10/ A new book is whispering to me, yet the part of my brain that feels so overloaded by having just finished the old book is saying, “WHAT?!?! Are you crazy? You can’t start a new book now! You haven’t even cleared the million little scraps of paper off your desk that have to do with the OLD book. You haven’t even returned the phone calls you didn’t return while you were working on the old book. And vacuuming: have you vacuumed since you finished your book? No, you haven’t. SO NO NEW BOOK UNTIL YOU HAVE FULLY CAUGHT UP FROM WRITING THE OLD BOOK!”


Update: I was just rummaging through the piles of paper on the desk, when I came across this quote from Lee Smith, a wonderful Southern writer whose books I adore. It was just written on a piece of paper, waiting for me to discover and re-remember it. It says:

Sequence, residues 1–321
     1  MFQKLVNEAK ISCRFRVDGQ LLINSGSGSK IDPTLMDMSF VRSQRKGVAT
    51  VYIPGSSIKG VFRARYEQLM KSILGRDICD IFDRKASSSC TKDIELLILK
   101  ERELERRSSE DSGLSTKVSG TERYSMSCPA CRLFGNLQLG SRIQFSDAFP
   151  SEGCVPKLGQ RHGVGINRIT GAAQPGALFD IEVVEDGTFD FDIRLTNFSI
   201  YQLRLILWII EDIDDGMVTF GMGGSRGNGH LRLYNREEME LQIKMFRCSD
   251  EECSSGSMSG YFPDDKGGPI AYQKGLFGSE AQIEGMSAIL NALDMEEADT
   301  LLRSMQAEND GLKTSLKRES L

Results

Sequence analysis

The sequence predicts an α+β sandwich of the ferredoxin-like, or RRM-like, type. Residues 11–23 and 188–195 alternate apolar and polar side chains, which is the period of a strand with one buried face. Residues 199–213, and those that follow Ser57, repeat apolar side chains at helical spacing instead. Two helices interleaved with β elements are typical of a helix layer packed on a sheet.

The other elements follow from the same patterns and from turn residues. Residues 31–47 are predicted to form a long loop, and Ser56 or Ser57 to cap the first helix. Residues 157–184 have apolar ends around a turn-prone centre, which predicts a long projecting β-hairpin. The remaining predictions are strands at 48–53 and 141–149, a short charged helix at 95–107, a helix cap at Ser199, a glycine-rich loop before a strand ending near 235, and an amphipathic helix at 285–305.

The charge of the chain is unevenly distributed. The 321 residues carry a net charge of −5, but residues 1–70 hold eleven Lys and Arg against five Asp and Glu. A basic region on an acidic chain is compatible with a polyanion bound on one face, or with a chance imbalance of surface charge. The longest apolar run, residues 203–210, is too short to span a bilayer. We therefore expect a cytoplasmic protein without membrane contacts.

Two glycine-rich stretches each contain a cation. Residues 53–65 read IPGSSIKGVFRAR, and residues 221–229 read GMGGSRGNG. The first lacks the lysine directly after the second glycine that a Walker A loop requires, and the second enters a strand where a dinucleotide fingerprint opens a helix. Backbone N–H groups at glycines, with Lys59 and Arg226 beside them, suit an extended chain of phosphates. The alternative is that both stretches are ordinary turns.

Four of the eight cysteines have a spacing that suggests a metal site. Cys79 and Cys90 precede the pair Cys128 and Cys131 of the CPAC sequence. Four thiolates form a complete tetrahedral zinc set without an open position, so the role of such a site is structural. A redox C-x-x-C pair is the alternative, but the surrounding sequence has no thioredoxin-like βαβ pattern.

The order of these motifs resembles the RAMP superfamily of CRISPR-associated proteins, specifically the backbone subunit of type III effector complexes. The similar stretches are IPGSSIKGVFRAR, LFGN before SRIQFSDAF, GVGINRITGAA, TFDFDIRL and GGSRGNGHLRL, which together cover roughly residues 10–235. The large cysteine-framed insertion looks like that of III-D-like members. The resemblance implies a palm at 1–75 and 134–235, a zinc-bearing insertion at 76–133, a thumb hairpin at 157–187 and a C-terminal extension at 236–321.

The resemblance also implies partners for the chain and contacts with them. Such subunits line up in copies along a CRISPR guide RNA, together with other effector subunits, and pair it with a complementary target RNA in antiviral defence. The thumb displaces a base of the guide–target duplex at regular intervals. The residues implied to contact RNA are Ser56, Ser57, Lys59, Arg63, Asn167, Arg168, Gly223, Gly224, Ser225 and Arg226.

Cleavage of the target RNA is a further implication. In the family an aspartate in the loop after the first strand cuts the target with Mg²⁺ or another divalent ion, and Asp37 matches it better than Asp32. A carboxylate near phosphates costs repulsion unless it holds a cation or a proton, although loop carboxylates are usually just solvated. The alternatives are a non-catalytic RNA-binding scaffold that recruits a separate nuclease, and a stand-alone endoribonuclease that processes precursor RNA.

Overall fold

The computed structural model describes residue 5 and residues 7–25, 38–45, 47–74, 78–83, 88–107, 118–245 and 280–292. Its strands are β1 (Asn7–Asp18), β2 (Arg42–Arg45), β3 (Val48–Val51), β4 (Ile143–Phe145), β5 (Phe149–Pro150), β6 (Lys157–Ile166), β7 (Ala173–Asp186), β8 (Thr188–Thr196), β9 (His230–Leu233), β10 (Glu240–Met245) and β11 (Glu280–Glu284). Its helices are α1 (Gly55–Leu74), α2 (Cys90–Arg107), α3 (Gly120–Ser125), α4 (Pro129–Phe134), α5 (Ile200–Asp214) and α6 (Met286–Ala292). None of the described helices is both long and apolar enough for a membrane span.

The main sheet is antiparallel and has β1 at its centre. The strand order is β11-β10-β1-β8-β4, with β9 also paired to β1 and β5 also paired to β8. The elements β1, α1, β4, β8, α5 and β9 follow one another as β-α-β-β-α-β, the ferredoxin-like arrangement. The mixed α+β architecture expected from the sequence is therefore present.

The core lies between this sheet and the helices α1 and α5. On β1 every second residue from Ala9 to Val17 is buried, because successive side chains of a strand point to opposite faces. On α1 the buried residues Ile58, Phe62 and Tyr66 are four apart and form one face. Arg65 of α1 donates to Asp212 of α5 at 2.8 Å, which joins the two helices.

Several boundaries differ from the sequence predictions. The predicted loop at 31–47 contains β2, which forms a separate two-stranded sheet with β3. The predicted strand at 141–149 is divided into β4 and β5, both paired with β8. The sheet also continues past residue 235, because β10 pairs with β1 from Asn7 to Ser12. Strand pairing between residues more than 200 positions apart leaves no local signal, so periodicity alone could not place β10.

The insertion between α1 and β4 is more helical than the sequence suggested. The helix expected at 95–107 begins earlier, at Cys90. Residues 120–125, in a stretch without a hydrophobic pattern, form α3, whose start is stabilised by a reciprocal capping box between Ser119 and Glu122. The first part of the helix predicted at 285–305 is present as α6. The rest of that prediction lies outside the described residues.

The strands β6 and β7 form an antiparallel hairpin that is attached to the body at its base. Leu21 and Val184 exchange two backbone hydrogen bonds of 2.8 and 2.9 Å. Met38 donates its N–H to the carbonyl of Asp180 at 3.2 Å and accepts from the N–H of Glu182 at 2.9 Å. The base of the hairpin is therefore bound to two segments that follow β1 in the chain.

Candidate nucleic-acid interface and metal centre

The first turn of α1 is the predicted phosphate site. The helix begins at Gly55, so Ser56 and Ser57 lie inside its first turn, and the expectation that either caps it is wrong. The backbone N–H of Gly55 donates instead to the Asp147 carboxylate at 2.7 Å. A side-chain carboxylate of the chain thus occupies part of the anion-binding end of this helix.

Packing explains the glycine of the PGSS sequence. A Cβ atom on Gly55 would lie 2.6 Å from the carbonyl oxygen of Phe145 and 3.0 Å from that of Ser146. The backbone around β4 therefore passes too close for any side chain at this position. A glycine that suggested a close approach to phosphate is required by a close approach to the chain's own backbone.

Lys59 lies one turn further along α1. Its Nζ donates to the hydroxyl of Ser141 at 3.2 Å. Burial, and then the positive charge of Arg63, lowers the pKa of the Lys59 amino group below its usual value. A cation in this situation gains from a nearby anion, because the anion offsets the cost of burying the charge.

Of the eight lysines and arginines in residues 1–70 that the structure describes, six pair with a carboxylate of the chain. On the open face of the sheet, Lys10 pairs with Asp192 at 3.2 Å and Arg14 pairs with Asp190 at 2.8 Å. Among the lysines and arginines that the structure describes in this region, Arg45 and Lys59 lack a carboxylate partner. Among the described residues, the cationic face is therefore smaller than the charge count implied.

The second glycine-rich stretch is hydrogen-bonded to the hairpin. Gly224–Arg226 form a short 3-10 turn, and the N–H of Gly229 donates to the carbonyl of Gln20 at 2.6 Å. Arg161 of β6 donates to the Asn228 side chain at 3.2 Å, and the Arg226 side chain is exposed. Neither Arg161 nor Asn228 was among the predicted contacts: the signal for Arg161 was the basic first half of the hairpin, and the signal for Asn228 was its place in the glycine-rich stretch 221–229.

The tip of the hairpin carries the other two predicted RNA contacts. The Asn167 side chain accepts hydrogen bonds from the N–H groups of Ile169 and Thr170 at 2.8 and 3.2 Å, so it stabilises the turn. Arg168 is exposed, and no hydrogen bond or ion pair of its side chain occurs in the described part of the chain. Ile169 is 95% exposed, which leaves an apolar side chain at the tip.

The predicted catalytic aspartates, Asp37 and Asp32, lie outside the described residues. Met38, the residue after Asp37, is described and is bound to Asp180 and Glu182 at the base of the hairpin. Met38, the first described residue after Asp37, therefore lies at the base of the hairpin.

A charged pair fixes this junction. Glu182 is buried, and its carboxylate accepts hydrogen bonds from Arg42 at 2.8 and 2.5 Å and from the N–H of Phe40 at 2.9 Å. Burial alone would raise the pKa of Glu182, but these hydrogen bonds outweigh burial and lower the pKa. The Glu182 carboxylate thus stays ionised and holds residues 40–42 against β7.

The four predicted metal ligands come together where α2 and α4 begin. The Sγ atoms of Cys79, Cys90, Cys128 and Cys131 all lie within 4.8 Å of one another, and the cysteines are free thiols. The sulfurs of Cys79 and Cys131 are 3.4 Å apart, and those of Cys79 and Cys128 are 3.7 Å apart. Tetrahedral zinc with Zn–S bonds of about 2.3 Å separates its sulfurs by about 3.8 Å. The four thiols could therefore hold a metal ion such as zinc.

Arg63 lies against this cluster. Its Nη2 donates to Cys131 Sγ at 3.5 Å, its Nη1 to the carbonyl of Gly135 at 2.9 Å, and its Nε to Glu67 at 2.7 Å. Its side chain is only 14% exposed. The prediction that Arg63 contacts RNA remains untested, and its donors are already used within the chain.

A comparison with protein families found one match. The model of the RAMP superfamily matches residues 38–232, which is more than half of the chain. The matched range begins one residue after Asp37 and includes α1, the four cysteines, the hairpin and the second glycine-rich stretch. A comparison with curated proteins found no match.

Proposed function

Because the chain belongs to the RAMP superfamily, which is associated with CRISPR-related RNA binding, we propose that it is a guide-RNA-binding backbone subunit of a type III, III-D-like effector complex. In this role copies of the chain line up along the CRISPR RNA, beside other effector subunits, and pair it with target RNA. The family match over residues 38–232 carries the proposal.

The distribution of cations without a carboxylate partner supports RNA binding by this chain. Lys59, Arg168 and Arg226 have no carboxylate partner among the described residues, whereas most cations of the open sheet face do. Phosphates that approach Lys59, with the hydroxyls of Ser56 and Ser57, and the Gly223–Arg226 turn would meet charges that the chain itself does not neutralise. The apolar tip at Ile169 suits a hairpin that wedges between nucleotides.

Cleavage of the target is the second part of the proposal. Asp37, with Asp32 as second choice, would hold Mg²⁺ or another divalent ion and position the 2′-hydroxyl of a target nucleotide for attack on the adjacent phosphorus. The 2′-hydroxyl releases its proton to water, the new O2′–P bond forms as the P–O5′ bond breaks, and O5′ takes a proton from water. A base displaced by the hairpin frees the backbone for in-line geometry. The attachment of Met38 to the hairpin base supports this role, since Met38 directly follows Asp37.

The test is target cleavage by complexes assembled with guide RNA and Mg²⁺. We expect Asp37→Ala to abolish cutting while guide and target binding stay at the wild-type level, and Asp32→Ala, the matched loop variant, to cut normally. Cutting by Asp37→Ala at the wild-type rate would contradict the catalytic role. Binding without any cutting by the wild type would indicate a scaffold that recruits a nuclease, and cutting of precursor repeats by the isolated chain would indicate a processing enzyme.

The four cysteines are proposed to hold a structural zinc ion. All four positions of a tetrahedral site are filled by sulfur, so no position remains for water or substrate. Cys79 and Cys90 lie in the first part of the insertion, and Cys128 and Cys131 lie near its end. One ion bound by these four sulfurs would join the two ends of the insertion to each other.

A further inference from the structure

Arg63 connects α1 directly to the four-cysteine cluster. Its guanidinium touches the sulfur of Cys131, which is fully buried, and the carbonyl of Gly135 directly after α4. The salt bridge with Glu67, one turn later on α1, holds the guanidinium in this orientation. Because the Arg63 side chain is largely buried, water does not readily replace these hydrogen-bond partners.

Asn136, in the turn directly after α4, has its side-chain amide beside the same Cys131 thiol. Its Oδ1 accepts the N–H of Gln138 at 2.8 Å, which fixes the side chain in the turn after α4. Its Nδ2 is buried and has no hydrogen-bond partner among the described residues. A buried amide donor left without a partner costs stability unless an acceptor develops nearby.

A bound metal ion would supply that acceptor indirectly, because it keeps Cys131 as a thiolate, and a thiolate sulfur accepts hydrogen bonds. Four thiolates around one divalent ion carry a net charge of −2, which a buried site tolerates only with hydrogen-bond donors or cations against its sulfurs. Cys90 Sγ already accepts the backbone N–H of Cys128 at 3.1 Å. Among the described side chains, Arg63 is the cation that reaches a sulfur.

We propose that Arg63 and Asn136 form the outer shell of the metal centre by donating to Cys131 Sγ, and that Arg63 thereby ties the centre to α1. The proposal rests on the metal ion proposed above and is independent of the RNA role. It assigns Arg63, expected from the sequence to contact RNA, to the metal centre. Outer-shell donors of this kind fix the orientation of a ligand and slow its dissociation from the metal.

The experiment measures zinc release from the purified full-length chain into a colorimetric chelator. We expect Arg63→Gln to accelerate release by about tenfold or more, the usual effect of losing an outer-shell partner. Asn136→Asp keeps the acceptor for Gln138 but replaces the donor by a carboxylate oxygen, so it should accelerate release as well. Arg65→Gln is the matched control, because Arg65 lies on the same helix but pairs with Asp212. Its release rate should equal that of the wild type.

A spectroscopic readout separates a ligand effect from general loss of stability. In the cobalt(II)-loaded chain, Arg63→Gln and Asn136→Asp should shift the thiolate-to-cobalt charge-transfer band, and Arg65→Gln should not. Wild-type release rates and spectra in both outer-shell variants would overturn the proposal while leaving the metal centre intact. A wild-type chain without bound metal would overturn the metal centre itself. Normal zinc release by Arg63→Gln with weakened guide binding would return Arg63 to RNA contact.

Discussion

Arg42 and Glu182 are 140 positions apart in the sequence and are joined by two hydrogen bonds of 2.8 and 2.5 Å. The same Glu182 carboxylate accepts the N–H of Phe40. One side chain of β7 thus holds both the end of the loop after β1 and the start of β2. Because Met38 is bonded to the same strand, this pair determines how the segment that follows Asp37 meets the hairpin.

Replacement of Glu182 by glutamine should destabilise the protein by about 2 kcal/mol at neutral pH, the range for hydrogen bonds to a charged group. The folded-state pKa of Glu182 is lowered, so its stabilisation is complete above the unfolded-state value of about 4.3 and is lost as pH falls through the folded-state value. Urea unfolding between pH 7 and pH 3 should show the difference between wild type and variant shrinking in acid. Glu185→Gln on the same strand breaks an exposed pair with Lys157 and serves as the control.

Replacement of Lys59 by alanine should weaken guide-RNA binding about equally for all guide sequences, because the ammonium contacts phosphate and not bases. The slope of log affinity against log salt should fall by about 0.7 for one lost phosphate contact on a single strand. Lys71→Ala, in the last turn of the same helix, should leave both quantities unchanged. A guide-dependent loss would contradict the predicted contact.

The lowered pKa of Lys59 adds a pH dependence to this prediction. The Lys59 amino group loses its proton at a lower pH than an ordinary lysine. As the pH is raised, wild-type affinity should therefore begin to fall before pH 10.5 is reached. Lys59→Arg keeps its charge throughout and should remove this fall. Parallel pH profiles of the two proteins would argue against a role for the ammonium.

“When stuff in life gets really rough, I would just die if I was not writing a novel. Once you think it up, it’s like a whole other city with a little door, and every time you sit down to write you just open the door and there you are–a wonderful vacation for two hours.” 

That’s what I have been missing: my wonderful two-hour vacations away from March and paperwork and my iPod and my yucky hair.

I’d forgotten what happens when you make a plan to hibernate: the whole world lines up as one gigantic test of your will.

It can’t help it. It wants to know how badly you intend to keep your promise to yourself to Just Do One Thing. It’s actually a public service, just a reminder to you to hunker yourself down and set your priorities.

Here is what just the last few days have brought: